An Interview with Kyle Mills
What are five of your favorite books and why do you like them?
1984 by George Orwell is an incredible story of what might have been if
history had made a few minor left turns. I'm fascinated with humanity's dark
side and no one has ever displayed it better in my opinion.
Holidays in Hell by PJ O'Rourke is similar to 1984 in that it (sort of)
explores humanity's baser qualities, but with laugh-out-loud humor. I never go
anywhere without flipping through this book to see what PJ had to say about it
My Traitor's Heart by Rian Malan is perhaps the most honest book I've
ever readso honest that it sometimes makes you want to look away. If you have
even a passing interest in Apartheid era South Africa (or even if you don't) I
strongly recommend you read this.
Interview with the Vampire by Anne Rice. Anne sets a scene like no one
else. Creating a historical New Orleans and populating it so believably and
elegantly with vampires is quite a feat.
Cardinal of the Kremlin by Tom Clancy. Perhaps the greatest thriller
novel ever written. 'Nuff said.
What is your favorite way to unwind?
I'm pretty much obsessed with rock climbingwhich is why I live in Wyoming.
It's the ultimate pastime in that it completely focuses your mind. When it's
just you, the rock, and six hundred feet of air beneath your feet, all those
little irritations life's been throwing at you leave your mind in a hurry.
Unfortunately, I can't climb as hard or as often as I'd like anymore. I'm
getting to that age when my body doesn't bounce back like it used to.
Where do you get the ideas for your books?
Basically, an overactive imagination combined with a strange world view. I have
a pretty plodding thought process so I tend to start small with a general
subject like drugs or terrorism or politics. Then I start researching it and
looking at it from different angles until I come up with something that excites
me. I've always wanted to be one of those people who are constantly flooded with
great ideas, but unfortunately, I'm not. Coming up with an underlying concept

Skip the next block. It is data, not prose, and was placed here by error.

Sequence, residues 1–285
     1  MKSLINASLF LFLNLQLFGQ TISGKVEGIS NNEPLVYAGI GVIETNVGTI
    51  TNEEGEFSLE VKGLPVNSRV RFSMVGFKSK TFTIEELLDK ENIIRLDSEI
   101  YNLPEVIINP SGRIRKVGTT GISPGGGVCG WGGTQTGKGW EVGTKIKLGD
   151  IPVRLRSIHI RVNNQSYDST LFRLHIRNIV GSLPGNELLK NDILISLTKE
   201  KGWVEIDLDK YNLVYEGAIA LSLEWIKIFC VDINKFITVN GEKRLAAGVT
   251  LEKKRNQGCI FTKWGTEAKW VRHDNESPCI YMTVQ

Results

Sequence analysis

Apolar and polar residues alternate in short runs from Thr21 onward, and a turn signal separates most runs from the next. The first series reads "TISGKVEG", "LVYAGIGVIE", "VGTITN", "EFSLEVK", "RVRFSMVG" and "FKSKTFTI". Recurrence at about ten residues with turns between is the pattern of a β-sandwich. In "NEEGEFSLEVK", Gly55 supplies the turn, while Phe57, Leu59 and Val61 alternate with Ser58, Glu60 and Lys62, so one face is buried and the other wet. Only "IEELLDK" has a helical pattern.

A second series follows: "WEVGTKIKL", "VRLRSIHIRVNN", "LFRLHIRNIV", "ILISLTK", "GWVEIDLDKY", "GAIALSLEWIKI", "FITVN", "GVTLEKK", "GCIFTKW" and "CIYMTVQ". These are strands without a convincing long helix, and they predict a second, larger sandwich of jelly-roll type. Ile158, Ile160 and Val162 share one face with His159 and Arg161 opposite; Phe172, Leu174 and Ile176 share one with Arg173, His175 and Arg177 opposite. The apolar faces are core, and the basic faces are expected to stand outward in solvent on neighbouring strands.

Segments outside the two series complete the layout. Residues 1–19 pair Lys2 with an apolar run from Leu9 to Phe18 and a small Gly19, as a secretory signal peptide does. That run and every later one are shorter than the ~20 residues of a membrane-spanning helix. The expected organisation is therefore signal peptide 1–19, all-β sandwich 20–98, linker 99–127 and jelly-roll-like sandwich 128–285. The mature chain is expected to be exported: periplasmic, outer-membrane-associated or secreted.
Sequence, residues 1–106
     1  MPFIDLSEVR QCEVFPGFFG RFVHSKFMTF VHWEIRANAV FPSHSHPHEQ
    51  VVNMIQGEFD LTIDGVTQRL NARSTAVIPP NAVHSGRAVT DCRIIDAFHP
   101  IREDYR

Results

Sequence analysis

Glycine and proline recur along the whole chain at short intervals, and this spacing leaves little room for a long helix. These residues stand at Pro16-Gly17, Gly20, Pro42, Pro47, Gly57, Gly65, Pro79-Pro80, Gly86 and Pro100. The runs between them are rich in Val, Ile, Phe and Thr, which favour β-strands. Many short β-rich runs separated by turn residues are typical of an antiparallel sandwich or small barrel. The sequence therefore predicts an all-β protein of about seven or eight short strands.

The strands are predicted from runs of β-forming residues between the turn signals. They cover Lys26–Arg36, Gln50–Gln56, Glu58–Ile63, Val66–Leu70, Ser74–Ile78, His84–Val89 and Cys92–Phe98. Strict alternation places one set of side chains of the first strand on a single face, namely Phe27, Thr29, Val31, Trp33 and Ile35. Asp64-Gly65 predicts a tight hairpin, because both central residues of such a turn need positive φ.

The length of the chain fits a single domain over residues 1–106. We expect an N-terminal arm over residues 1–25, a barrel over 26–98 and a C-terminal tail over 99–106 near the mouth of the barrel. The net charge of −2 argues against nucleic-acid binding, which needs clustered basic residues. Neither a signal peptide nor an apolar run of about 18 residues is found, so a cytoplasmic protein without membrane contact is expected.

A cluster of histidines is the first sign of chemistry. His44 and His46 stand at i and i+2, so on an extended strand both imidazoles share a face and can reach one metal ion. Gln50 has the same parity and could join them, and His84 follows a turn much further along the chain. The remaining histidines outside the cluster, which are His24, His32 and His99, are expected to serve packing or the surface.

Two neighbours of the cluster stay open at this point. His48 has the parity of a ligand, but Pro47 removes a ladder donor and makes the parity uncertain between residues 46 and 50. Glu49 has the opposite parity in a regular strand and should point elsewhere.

for a book is the hardest part of the process for me.
How much of your novels are based on fact and how much comes from your
Probably about half and half. I start with an initial 'what if' like, 'what if
someone started dumping poison into the U.S. narcotics supply?' Then I try to
stay as factual as possible. How could this be done most effectively? What would
America's reaction be based on its history? What would the FBI do? The stronger
the central premise, the easier the book tends to be to writeresearch does a
lot of the work and you just have to occasionally nudge your characters in this
direction or that.
Do you have any advice for people thinking about writing their first
Sure. Obviously, my experience relates to popular thriller fiction. If you're
interested in literary there are people out there who might be more helpful.
First, pick three novels that have done well and study them. Don't just read
them, study them. What worked? What didn't? What compelled you to keep turning
the pages? What made you want to put it down? I think I looked at Cardinal
of the Kremlin, The Pelican Brief, and Kiss the Girls.
Second, read a few how-to books. I'd recommend Writing the Blockbuster Novel
by Albert Zuckerman and Self-Editing for Fiction Writers by Renni
Browne and Dave King. They were both really helpful to me.
Third, keep in mind that all books are about peopleeven plot driven
thrillers. Focus on well-rounded characters that feel real.
Fourth, don't get overly technical. You wouldn't believe how many first novels
I've read where the author is trying to outdo Tom Clancy with minute detail.
Don't bother. I don't care if you're the former Secretary of Defense, Tom is Tom
and you and I aren't.
Fifth, never go back and make changes until you're done with the entire novel.
The editing process is completely removed from the writing process and going
back before finishing can trap you in an endless and unproductive cycle.
Finally, don't color too far outside the lines. Originality is desirable to a